Hawaii broker faces fraud charges
BY Greg Wiles
Advertiser Staff Writer
A Hawai'i securities broker is among 10 people being charged with fraud by the Securities and Exchange Commission for allegedly representing risky mortgage-backed investments as being safe when they were not.
Travis A. Branch of Kailua was among former brokers who worked for now defunct Brookstreet Securities Corp., a California brokerage that offered a range of investments, including collateralized mortgage obligations.
The SEC sued Branch, 54, and nine others Thursday, asking for penalties and repayment of gains. The SEC said Brookstreet customers' losses totaled more than $36 million when mortgage-based investments collapsed.
Meanwhile, the Brookstreet brokers collected $18 million in commissions and salaries related to Collateralized Mortgage Obligations, or CMOs. Branch collected $481,895 of CMO commissions over a four-year period.
"The brokers enriched themselves with millions of dollars in commissions and salaries while the investors suffered millions of dollars in losses," the SEC alleges.
But Gary Dubin, Branch's attorney, said his client was only a salesman who was marketing what Brookstreet gave him. Branch holds five types of securities licenses, according to the SEC lawsuit.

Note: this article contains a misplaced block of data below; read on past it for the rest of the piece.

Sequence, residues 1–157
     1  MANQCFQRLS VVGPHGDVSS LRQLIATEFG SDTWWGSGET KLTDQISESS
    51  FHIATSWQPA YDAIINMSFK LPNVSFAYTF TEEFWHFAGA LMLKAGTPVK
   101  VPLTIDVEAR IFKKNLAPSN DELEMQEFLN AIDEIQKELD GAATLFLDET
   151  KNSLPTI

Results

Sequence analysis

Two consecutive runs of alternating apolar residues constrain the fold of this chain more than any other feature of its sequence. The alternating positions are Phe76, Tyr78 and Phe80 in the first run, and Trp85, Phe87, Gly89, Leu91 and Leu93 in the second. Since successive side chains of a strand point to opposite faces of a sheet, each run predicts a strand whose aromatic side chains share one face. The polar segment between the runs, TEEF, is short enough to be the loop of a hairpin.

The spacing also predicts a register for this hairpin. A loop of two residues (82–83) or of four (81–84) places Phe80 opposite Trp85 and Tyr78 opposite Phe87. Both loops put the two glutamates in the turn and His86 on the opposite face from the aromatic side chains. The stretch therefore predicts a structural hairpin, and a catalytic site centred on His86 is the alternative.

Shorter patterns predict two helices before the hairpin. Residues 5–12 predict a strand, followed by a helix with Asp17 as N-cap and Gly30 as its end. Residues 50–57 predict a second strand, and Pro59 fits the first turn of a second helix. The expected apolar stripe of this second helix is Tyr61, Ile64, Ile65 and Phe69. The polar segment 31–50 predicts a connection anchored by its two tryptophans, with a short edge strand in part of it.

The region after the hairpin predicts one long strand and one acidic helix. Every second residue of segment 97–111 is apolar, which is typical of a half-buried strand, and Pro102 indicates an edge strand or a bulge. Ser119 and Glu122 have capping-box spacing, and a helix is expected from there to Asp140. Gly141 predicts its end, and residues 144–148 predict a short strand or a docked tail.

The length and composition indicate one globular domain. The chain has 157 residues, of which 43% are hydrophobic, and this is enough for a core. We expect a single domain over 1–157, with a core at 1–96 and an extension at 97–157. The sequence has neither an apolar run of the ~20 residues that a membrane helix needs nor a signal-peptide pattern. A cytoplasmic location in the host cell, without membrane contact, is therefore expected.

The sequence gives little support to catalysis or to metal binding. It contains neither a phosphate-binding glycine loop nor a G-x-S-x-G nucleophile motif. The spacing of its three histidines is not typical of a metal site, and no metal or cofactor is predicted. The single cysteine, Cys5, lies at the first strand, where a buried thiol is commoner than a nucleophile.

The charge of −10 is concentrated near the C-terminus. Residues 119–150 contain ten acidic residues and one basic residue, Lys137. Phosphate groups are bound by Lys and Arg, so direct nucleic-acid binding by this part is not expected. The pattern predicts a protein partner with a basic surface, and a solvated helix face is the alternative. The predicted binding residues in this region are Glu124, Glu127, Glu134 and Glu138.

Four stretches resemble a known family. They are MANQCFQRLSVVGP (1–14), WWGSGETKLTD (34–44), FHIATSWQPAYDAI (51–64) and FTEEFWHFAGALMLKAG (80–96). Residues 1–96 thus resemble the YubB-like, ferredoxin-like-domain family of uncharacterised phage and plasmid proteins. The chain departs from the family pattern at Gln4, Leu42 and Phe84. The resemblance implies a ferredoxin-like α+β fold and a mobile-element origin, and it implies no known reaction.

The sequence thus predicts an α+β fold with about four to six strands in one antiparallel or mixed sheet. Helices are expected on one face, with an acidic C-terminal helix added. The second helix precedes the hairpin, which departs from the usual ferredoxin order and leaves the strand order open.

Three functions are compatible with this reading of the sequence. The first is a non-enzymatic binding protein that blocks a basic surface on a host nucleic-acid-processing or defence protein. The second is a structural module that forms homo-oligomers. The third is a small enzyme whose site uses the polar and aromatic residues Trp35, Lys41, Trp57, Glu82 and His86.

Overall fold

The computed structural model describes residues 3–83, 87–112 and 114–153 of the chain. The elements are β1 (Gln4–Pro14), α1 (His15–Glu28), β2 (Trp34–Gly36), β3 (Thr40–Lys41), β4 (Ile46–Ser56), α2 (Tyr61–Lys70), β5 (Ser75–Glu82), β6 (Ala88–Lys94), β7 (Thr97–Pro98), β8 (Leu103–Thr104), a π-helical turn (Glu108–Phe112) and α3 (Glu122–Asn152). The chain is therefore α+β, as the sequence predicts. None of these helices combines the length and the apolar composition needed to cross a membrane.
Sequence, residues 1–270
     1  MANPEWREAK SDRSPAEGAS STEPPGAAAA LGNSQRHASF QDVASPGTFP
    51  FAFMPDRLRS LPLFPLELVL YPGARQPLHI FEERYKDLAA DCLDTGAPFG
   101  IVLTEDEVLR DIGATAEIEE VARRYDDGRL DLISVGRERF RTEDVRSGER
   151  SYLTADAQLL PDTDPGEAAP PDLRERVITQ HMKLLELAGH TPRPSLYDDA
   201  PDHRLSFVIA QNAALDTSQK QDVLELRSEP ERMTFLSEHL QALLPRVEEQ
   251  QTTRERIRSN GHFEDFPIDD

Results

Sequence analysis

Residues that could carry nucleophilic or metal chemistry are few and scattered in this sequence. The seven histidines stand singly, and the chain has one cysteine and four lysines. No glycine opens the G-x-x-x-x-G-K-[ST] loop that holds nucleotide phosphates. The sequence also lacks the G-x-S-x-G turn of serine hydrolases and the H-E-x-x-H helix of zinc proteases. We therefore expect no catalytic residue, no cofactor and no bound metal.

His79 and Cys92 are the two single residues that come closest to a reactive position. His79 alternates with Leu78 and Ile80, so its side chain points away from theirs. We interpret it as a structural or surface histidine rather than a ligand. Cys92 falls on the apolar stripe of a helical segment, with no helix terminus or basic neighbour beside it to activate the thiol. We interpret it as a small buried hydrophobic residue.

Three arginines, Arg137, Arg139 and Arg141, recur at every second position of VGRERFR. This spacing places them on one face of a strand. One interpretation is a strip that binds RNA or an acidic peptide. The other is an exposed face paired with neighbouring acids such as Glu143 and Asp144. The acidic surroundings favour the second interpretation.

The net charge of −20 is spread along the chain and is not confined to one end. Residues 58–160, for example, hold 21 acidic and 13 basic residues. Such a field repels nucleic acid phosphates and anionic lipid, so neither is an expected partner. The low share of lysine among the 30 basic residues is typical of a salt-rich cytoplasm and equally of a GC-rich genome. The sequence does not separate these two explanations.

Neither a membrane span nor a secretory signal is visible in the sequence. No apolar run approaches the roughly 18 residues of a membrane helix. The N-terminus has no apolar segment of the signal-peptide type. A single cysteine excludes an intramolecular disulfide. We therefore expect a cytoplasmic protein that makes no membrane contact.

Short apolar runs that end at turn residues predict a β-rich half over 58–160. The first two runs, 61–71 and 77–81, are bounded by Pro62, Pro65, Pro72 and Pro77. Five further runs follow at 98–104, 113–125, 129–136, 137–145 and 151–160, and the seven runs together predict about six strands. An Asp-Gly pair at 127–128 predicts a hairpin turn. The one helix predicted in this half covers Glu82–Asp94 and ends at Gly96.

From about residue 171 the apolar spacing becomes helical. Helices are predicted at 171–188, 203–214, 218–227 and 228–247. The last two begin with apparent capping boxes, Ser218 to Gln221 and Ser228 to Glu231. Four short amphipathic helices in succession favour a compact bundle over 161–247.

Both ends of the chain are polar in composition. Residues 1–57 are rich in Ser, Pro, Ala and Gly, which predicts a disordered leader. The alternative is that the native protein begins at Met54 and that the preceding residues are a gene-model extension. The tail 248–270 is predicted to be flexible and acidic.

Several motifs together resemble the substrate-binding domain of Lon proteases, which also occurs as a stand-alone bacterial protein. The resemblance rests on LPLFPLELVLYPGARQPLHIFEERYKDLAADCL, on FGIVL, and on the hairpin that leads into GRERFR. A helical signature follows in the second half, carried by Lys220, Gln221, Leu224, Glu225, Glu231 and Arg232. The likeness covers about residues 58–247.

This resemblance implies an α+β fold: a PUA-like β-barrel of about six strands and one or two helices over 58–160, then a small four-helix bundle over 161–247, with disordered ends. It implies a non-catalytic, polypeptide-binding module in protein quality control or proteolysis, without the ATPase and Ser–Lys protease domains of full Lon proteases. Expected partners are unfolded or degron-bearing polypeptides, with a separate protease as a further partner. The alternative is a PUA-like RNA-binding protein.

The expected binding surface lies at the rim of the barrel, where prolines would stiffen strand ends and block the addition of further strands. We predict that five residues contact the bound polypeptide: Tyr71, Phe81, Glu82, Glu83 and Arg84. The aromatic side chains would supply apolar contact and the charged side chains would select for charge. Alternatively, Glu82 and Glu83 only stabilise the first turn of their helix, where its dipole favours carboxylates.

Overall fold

"This was all known to the regulators," Dubin said.
"Then of course the bubble burst and they looked for scapegoats. Mr. Branch believed in this and he put $1 million of his and his family's money into this. He lost a substantial portion of the $1 million himself."
The SEC complaint, filed in a federal district court in West Palm Beach, Fla., alleges that the brokers did not clearly define the risks to customers before investing their money in the CMOs, a type of investment that's tied to mortgage-backed securities. The most risky of these are only suitable for sophisticated investors.
But the defendants allegedly told clients the CMOs were safe, secure investments that were suitable for retirees and investors with conservative investment goals, the lawsuit said.
The complaint said Branch allegedly represented to some customers that the CMOs were guaranteed by the federal government when only a portion were, and on another occasion talked about how investing in CMOs on margin, or using borrowed money, made sense.
The lawsuit alleges Branch made $481,895 of commissions from 32 CMO customers from 2004 to 2007. Sixteen accounts were on margin and deficits of $3.2 million occurred.
"These brokers disguised the risks of investing in these derivatives of mortgage-backed securities, exposing their customers to substantial losses as the sub-prime crisis emerged," said Robert Khuzami, director of the SEC's Division of Enforcement.
"They disregarded their customers' needs and used deceptive and misleading tactics to enrich themselves at their clients' expense."
Dubin said many people who bought CMOs from Branch are happy with the investments. He said the only ones who were hurt were the ones who bought on margin. Branch had been through several arbitrations over the issue and had all but one dismissed, Dubin said.
"This is a simple dispute involving a premature margin call," Dubin said.
"Branch's position is that he is totally innocent and he is going to fight this."
Gannett News Service reporter John Yaukey contributed to this report.